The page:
GE, PwC and SAP Share the Predictors of Success for Your Innovation Program

logos-ge-pwc-sapInnovation isn’t something you master overnight. To help accelerate your innovation program success, Brightidea asked marquis innovation program experts from GE, PwC and SAP to share best practices for innovation program leaders to replicate and utilize within their own organizations. Our panelists from these world renowned innovation powerhouses were:

Dyan Finkhousen: Director, Open Innovation & Advanced Manufacturing at GE

John Sviokla: Strategy & Innovation Leader, Head of Global Thought Leadership at PwC

Kuhan Milroy: Senior Director of Social Business Innovation at SAP

What’s a better way to learn innovation than to hear it directly from the experts? The highlights shared by our knowledgeable panel on Brightidea’s Innovation Program: The Predictors of Success webinar hangout are included below. Though these companies have all ultimately found success through their innovation programs, each has had its own unique experiences along the way. Highlights:

Kuhan of SAP shared that when ramping up his innovation program, he focused on first “partnering up with the folks who say ‘you had me at hello’ because “they’re the easiest to bring on as early adopters.”

Along with the initial thrill of ramping up an innovation program, each panelist mentioned strongly the idea of failure and what implications it has within a growing, innovative company. Businesses must define expectations for failure and not dwell on it, utilizing it as a positive move forward. Dyan of GE commented on this saying, “The appetite or comfort with failing and learning lessons needs to be there for innovation to really prosper in an organization.”

The panelists discussed the importance of culture, organization and process in relation to their individual innovation programs. Check out the Hangout to hear each panelists answer.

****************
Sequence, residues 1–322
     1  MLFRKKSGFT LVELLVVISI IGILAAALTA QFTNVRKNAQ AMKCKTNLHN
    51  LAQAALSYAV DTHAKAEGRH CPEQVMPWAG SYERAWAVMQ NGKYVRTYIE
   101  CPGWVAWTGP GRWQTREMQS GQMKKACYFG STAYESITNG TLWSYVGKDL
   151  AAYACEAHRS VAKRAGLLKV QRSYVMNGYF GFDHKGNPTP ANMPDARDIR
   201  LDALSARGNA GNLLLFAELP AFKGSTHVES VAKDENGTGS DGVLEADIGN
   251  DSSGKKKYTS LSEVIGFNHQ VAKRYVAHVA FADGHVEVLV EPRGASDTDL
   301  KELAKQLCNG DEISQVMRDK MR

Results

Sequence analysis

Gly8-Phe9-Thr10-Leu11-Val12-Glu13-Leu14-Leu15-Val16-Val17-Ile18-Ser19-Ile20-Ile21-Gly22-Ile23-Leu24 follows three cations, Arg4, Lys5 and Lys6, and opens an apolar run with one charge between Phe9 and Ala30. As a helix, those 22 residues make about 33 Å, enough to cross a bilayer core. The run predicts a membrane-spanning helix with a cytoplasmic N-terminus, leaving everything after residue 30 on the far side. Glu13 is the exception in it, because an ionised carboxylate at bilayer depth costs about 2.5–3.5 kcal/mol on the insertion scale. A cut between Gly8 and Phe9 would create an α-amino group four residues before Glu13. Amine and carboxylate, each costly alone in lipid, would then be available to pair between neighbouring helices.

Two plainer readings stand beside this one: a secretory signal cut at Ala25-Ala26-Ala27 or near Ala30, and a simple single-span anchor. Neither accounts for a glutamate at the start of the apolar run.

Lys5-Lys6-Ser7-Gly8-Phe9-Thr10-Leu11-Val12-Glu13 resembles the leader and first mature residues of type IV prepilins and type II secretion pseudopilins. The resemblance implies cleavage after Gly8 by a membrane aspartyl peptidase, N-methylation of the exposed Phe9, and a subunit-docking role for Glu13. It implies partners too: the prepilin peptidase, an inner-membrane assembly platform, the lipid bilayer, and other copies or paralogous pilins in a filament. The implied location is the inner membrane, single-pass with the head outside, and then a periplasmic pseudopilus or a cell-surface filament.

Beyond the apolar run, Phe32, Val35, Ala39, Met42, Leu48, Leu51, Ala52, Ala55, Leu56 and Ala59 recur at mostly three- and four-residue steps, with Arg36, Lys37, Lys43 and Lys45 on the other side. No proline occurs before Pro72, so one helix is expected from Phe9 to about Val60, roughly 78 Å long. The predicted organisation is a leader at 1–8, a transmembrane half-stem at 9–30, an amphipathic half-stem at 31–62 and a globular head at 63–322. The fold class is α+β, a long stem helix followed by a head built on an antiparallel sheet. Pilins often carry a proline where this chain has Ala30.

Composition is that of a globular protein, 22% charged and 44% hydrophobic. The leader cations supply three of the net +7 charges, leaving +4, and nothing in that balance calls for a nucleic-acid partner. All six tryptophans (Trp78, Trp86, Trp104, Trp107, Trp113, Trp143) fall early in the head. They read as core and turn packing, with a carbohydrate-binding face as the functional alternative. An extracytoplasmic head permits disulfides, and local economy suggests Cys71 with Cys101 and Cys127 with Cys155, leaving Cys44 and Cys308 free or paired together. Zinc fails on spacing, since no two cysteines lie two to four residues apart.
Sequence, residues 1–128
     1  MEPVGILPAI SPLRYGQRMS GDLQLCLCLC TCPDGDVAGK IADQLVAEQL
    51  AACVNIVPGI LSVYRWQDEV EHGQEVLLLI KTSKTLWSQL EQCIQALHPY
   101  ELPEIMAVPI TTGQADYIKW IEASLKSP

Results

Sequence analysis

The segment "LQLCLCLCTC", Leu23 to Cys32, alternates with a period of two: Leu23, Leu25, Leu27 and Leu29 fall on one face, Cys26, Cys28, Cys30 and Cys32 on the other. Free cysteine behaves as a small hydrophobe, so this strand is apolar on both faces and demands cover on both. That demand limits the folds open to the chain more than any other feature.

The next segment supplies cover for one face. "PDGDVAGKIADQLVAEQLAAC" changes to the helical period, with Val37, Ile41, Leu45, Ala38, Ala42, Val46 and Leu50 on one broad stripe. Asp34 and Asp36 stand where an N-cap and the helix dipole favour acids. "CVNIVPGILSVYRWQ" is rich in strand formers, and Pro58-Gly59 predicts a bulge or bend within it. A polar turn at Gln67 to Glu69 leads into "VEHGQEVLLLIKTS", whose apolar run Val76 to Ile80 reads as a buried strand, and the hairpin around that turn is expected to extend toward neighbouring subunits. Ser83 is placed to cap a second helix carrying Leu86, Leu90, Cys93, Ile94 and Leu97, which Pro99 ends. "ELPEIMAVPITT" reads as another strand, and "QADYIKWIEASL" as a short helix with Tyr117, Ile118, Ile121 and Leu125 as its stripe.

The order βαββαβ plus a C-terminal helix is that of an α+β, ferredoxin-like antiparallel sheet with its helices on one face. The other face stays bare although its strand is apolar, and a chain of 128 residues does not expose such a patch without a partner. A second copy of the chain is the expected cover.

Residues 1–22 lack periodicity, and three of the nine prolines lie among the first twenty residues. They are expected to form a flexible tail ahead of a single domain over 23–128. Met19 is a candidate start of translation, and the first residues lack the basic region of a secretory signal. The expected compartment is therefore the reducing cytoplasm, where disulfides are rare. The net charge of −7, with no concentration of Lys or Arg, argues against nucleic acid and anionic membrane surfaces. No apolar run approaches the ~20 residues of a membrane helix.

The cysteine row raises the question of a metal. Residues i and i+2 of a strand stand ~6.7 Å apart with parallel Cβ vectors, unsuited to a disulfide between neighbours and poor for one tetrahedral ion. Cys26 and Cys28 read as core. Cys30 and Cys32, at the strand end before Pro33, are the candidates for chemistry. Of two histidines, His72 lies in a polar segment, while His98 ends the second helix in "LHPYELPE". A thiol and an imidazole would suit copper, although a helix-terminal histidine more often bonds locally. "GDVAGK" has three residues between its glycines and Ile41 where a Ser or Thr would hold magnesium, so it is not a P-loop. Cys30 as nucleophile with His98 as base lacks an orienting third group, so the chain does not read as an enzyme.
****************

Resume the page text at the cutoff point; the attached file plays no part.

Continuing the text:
There was a good discussion on the size of an innovation team and who should be included on the team. John of PwC provided great insight on this question stating two things to consider: be careful who you put in the position to say “no”, and carefully analyze what is your actual task at hand. In relation to these considerations, he provided strong comparisons to Thomas Edison’s light bulb innovation team, Elon Musk’s team with SpaceX, and GE’s team with new compulsion systems.

It was also great to hear Kuhan’s perspective on the hottest key ingredients to innovation programs, crowdsourcing and hackathons. Kuhan emphasized how important these two tactics are to SAP, as well as having a strong innovation program software. He said, “I wasted 80% of my time on our old platform, but now we’re in Brightidea which is amazing. When you’re starting out don’t try to do it by yourself.”

Overall, this Google Hangout taught some valuable lessons on innovation programs: you need an organization, culture, and process all working in unison, a dedicated innovation program leader, to make sure your program is showing value, and to ultimately figure out how you’re working across departments.

If you haven’t seen the Google Hangout, you can view this and our next one How to Find Challenges and Deliver Outcomes. Please share your best innovation program tips in the comments below.